Applications. In addition to identity research, cultural contracts theory has been used in higher education scholarship to explore the relationships between White students and African American faculty[9][10][11] The theory has also been used to explore the cultural contracts African American women sign in their beauty and hair choices.[12]

References[edit]

  1. ^ Jackson, R. L. (2002). Cultural contracts theory: Toward an understanding of identity negotiation. Communication Quarterly, 50, 359-67.
  2. ^ Jackson, R. L. (1999). The Negotiation of Cultural Identity. Westport, CT: Praeger Press.
  3. ^ Ting-Toomey, S. (1986). Conflict communication styles in black and white subjective cultures. International and Intercultural Communication Annual, 10, 75-88 here
  4. ^ Berger, C. R., Calabrese, R. J. (1975). Some Exploration in Initial Interaction and Beyond: Toward a Developmental Theory of Communication. Human Communication Research, 1, 99–112
  5. ^ Jackson. R. L. (2004). Cultural contracts theory: Toward a critical rhetorical identity. In New approaches to rhetoric
  6. ^ Jackson, R. L. & Crawley, R. (2003). White Student Confessions about an African American male professor: A Cultural Contracts Theory approach to intimate conversations about race and worldview. Journal of Men's Studies, 12(1), 25-42
  7. ^ Hecht, M. L., Jackson, R. L., & Ribeau, S. A. (2003). African American communication: Exploring ethnic identity and culture, p. 248. Mahwah, NJ: Lawrence Erlbaum.
  8. ^ Jackson, R. L. (2002). Cultural contracts are not unique and can either be short-term or long-term. This depends on the level of confidence a person has in her worldview. Although negotiation of cultural differences is expected, mutual validation is not always the goal or intent of human interaction. Cultural contracts theory: Toward an understanding of identity negotiation. Communication Quarterly, 50, 359-67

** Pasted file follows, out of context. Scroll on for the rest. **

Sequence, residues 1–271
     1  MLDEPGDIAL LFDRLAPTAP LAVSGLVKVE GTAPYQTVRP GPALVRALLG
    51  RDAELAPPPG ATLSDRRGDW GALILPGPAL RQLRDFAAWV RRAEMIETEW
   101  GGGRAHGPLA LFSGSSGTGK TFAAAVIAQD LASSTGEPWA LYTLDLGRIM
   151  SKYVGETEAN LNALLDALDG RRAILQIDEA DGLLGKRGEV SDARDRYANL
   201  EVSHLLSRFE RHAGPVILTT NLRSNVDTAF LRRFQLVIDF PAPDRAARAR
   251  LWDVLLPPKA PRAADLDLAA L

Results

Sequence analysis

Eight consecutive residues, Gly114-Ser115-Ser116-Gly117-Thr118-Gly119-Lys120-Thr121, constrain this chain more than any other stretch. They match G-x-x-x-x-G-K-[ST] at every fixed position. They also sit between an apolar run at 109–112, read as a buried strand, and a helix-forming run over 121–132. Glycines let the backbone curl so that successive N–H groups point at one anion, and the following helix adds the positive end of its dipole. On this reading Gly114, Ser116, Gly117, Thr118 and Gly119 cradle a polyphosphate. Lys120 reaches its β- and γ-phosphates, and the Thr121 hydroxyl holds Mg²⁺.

9. ^ Jackson, R. L., & Crawley, R. L. (2003). White student confessions about a Black male professor: A cultural contracts theory approach to intimate conversations about race and worldview. The Journal of Men’s Studies, 12, 25-41
  10. ^ Harris, T. M. (2007). Black feminist thought and cultural contracts: Understanding the intersection and negotiation of racial, gendered, and professional identities in the academy. New Directions for Teaching and Learning, 110, 55-64.
  11. ^ (2003, April). “Intercultural relationships work best when both sides treat each other as equals.” Science Blog. <http://www.scienceblog.com/community/older/2003/G/20035017.html>
  12. ^ Robinson-Moore, C. L., 2008-11-20 "Beauty Perceptions and Identity Negotiations: Examining Black Female Beauty through Cultural Contracts Theory" Paper presented at the annual meeting of the NCA 94th Annual Convention, TBA, San Diego, CA Online <PDF>. 2010-03-11 from http://www.allacademic.com/meta/p260002_index.html